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Lessons learned from trade deadlines past

Jul 26, 2011, 4:03 PM EDT

Mark Langston Expos

Jonah Keri is writing for Grantland — eventually he’ll write everywhere; people from Quebec just get into everything if you let them — and today has a good piece looking back at some major trade deadline deals of yore.

Rather than just slag on the people who got the Larry Andersen end of the stick, he talks about the lessons learned from the trades and, long-term effects aside, whether the trade made sense at the time.

In related news, I learned last week that there’s a baseball equivalent of Godwin’s Law, called Smoltz’s law. It’s purpose: to caution folks against comparing trade deadline deals to the wonderful John Smoltz-Doyle Alexander trade from 1987. Unfortunately I fear that, like Godwin’s law, it’s most notable achievement will be to scare people out of making perfectly useful comparisons for fear of overstating their case or making moral equivalences when they aren’t truly intended rather than to actually improve the discourse.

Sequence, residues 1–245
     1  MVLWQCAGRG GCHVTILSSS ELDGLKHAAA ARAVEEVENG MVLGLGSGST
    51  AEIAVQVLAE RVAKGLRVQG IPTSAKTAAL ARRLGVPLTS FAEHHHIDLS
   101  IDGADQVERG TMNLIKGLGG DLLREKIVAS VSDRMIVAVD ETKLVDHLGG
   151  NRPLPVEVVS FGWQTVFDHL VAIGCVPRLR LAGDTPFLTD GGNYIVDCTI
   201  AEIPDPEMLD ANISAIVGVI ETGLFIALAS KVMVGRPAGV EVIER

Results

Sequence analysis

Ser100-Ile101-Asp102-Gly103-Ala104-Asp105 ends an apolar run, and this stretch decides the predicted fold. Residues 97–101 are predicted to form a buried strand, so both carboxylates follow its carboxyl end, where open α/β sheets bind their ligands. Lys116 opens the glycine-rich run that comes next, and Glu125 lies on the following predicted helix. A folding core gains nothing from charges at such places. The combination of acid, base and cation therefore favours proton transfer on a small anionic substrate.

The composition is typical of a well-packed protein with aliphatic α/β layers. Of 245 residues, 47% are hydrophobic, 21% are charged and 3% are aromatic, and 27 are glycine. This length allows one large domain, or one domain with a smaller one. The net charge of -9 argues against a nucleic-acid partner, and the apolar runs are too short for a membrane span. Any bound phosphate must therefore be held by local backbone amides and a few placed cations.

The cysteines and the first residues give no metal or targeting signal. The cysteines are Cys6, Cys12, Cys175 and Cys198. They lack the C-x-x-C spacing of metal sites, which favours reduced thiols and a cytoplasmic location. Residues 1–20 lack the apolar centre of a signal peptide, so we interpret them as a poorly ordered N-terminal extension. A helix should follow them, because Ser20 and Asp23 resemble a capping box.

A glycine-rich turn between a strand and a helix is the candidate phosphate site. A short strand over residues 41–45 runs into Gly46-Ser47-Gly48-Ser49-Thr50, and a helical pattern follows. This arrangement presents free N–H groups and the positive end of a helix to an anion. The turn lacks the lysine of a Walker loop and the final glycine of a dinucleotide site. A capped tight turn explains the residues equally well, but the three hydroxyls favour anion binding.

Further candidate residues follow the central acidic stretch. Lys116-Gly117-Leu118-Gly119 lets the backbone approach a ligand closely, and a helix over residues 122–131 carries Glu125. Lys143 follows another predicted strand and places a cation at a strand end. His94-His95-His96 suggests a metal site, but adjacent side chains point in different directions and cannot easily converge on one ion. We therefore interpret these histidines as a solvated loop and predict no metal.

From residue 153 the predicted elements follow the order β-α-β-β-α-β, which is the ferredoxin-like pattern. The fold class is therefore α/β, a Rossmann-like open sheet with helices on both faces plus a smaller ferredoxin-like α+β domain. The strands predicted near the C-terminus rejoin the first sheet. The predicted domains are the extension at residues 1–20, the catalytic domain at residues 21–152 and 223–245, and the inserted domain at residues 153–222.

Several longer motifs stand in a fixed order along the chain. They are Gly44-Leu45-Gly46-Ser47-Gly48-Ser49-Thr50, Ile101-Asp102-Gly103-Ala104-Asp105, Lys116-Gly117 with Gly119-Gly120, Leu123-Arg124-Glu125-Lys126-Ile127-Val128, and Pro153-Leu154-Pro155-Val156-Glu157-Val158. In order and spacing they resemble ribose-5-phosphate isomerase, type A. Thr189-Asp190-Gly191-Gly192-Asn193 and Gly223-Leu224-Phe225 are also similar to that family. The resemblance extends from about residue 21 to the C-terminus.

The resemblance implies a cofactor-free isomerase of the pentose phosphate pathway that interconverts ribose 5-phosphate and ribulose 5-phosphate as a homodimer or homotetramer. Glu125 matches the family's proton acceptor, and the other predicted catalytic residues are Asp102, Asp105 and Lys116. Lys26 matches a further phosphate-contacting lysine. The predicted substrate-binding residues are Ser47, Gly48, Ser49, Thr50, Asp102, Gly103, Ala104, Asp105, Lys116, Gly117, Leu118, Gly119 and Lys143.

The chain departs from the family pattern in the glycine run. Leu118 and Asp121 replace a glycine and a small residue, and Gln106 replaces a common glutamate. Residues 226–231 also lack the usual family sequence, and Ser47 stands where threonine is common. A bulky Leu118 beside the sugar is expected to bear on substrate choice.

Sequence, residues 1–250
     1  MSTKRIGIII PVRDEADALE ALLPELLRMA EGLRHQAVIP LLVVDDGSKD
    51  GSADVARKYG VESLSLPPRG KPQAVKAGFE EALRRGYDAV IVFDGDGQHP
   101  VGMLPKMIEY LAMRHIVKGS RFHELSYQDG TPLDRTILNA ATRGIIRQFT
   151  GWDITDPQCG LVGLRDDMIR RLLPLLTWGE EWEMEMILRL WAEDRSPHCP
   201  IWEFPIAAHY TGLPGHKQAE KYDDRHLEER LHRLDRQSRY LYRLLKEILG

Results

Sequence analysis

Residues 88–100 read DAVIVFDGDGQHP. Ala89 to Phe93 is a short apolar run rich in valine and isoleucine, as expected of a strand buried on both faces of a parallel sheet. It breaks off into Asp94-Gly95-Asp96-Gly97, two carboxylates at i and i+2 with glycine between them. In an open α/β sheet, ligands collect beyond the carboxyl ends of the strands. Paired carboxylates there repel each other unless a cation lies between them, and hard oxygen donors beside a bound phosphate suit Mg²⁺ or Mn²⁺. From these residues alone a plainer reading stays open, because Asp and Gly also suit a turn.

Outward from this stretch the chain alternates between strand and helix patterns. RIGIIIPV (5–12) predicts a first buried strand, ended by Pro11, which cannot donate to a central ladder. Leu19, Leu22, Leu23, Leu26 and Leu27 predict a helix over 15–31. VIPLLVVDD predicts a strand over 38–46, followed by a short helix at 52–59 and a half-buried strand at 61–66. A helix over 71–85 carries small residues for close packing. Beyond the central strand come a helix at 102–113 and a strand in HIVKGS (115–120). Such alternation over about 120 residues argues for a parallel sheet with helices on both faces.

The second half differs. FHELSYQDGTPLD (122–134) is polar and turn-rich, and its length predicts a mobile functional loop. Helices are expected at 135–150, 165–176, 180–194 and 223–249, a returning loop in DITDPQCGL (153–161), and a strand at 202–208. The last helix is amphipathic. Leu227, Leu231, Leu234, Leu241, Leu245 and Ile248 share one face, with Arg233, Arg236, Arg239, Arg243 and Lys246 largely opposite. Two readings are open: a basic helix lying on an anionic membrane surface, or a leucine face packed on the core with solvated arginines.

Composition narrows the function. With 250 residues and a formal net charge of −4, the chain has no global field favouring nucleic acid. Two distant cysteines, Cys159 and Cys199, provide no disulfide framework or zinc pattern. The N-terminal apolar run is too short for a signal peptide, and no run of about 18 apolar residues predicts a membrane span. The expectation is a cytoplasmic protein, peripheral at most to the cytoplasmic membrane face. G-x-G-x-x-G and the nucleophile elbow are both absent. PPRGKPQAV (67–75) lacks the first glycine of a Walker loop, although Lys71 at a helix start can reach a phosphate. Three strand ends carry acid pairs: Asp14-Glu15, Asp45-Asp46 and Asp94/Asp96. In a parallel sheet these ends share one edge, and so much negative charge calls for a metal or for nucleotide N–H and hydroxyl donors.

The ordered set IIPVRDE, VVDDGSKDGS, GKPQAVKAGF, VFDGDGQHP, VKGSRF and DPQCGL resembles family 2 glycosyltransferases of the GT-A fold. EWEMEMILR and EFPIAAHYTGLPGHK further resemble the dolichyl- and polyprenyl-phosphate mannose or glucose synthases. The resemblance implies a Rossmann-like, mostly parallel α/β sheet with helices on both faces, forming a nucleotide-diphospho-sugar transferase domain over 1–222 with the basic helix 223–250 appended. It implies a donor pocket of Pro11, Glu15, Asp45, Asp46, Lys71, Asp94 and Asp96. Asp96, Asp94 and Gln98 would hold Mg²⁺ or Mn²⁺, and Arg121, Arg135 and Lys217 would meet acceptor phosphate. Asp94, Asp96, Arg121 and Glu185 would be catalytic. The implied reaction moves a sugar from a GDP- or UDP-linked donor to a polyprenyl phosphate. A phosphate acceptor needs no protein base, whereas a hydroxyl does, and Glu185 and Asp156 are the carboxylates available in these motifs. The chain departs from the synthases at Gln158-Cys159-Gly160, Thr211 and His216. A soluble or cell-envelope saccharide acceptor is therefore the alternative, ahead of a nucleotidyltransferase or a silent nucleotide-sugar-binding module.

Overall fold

Hey: sometimes Nazi analogies make sense and provide a nice explanatory framework. Sometimes Doyle Alexander trade analogies makes sense too.  Let us not go through life with one hand tied behind our backs.

  1. Utley's Hair - Jul 26, 2011 at 4:11 PM

    You know, Canada’s one thing, but Quebec? Come on…that crosses the line.

    • fquaye149 - Jul 26, 2011 at 6:47 PM

      Viva Jay Sherman. Viva Quebec

  2. kopy - Jul 26, 2011 at 4:33 PM

    “It is a shame political correctness has prevented us from seeing trade-deadline coups like the famous swap of Manhattan for shiny objects.” -@OldHossRadbourne

    • spudchukar - Jul 26, 2011 at 4:45 PM

      Yeah, the Lenape are still chuckling over that steal.

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